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    • CommentAuthornigelm
    • CommentTimeOct 18th 2017
     
    Due to cost constrints it looks like i am going to have to make my own double glazed windows.

    I will be using timber for the frames and one sliding door is big. This would normally need quiet big timber sections.

    Having installed some upvc frames, it was evident that most of the strength comes from packing the glass tightly into the frames.

    Would it be feasable to use finer timber sections by using the glass as a structural membes similar to the upvc windows.

    I will be using sweet chestnut as that is locally available and is nice to work with.
    • CommentAuthorowlman
    • CommentTimeOct 18th 2017
     
    You may be opening up a can of worms, here's a it of technical stuff to help.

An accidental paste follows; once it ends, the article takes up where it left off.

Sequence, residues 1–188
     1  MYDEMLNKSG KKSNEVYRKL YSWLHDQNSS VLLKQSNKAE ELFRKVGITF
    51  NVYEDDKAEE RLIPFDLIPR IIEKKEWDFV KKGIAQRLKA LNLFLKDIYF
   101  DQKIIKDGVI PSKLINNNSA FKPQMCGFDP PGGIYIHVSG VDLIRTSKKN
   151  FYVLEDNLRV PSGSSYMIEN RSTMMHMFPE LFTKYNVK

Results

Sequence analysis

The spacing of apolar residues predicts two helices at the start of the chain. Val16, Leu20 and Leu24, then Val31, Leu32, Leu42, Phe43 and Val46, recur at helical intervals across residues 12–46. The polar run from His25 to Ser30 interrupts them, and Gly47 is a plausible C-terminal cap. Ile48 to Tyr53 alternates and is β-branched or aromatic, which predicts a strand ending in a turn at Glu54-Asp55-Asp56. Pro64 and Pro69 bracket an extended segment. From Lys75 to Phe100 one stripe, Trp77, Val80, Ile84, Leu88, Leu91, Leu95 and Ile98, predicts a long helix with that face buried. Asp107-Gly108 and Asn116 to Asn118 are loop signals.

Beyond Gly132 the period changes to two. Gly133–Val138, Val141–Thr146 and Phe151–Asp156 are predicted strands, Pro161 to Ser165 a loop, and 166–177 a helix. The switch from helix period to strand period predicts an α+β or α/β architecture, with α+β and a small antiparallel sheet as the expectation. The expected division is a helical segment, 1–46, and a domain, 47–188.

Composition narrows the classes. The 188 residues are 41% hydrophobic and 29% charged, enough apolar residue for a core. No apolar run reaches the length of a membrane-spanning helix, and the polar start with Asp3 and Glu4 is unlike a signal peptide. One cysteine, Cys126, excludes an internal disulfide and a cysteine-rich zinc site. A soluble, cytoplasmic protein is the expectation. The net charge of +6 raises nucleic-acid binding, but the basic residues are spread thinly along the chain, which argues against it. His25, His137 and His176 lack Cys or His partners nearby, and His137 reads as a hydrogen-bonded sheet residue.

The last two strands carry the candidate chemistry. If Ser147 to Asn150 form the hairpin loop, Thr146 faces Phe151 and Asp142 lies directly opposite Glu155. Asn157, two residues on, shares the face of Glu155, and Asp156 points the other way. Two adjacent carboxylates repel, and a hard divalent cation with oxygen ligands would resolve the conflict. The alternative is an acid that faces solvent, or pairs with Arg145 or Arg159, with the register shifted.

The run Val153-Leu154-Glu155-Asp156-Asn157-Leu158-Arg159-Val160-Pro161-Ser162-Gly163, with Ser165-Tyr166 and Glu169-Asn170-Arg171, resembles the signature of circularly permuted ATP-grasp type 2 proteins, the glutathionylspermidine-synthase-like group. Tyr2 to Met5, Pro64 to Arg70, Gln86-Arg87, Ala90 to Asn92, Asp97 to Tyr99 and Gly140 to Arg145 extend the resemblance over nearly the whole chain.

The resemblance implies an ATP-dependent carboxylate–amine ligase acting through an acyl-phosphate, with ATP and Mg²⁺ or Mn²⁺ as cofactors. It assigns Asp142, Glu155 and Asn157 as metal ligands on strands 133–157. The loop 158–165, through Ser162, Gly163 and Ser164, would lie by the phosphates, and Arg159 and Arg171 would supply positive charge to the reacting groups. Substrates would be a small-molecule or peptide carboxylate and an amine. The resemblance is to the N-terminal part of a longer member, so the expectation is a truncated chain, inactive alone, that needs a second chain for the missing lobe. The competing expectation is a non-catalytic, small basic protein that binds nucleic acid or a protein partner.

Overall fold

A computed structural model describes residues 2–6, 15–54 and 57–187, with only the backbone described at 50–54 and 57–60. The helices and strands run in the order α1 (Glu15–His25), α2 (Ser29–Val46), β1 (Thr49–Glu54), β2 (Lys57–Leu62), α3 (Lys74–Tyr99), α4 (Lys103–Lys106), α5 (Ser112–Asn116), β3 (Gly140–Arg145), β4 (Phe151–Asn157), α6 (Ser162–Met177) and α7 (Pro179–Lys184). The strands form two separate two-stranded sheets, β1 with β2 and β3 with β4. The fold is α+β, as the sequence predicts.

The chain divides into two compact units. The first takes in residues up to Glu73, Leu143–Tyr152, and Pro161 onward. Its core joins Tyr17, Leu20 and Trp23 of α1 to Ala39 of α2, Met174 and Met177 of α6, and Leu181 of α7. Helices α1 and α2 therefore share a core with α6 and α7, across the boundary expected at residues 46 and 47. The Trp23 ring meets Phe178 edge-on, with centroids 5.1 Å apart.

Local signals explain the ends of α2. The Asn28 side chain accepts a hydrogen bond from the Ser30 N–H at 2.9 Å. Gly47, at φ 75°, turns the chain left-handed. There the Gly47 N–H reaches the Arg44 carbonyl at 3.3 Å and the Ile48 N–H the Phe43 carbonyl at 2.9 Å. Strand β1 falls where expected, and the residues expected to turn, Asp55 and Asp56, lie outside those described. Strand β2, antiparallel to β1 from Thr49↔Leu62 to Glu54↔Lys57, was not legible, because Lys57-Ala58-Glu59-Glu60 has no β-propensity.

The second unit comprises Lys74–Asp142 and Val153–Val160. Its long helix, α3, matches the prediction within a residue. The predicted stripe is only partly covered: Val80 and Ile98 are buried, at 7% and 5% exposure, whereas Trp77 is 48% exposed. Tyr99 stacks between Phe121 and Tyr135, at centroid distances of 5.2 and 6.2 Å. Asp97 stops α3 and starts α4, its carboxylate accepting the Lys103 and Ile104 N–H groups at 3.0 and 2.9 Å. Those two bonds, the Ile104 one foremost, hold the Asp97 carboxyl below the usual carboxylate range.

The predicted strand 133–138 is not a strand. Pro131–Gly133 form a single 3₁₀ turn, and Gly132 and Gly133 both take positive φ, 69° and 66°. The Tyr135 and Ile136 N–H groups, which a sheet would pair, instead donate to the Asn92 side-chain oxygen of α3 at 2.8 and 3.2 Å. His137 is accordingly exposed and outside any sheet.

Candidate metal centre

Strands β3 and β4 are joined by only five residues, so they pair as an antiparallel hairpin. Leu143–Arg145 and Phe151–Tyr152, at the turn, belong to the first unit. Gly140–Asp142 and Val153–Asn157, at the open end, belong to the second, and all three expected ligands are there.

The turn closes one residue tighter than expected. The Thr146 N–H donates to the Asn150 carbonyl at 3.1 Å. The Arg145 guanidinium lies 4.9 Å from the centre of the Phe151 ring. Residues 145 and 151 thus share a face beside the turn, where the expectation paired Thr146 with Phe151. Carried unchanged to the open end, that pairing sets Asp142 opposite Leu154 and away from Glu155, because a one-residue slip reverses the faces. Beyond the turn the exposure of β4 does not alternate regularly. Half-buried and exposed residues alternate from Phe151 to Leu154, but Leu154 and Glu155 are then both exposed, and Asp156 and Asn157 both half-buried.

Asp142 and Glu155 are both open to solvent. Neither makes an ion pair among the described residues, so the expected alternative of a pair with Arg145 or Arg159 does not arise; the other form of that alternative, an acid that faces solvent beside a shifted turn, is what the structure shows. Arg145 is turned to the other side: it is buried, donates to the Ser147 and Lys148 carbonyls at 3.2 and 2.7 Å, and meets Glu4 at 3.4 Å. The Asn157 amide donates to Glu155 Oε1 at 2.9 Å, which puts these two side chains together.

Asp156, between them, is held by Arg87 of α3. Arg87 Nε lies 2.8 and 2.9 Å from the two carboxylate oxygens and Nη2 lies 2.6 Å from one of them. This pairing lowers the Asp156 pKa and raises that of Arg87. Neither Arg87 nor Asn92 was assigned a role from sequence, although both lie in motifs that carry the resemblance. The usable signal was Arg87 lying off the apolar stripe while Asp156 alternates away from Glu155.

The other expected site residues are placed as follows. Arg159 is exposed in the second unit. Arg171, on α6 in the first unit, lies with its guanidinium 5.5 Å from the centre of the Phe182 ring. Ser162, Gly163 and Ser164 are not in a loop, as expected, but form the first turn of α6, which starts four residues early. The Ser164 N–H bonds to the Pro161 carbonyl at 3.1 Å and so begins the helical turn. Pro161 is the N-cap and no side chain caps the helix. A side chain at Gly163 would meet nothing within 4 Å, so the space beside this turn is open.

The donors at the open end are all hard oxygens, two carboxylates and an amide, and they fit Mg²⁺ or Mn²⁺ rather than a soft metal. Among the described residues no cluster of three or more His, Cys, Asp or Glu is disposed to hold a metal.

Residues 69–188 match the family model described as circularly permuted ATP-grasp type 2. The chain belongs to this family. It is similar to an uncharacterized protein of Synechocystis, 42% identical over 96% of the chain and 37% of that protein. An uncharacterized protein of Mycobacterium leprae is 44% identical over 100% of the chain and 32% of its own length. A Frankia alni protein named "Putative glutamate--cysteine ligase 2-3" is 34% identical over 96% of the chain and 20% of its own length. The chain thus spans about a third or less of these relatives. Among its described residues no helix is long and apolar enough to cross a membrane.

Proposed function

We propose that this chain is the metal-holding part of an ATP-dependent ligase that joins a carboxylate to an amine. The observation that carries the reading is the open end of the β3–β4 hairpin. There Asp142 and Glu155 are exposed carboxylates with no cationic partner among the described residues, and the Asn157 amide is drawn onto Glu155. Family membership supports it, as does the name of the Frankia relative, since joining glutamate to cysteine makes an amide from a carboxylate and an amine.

http://www.cwct.co.uk/facets/pack08/text06.htm
    • CommentAuthortony
    • CommentTimeOct 18th 2017
     
    Yes, why not go for 3g it will be even stronger then.
  1.  
    Packing the glass tight into the frame doesn't add strength, it just helps stop the frame sagging (so easily) by helping to hold the frame square.

    If you follow this approach be aware that it is usual to have a gap between the bottom of the glass unit and the frame. This is done as it has been found that when the inevitable water/moisture collects at the bottom of the glass/frame this will not drain without a gap and eventually the water will go into the glass unit and cause misting.
    • CommentAuthortony
    • CommentTimeOct 18th 2017
     
    Ever seen European woof frame Passive Haus windows?
    •  
      CommentAuthordjh
    • CommentTimeOct 18th 2017
     
    Not sure what your point is, Tony? Which particular window design do you mean?
    • CommentAuthornigelm
    • CommentTimeOct 18th 2017 edited
     
    Taking the UPVC aproach the glazing would be packed tight at the corners holding the frame square. Using the correct plastic packers would give enough of a cushon to take up any expansion.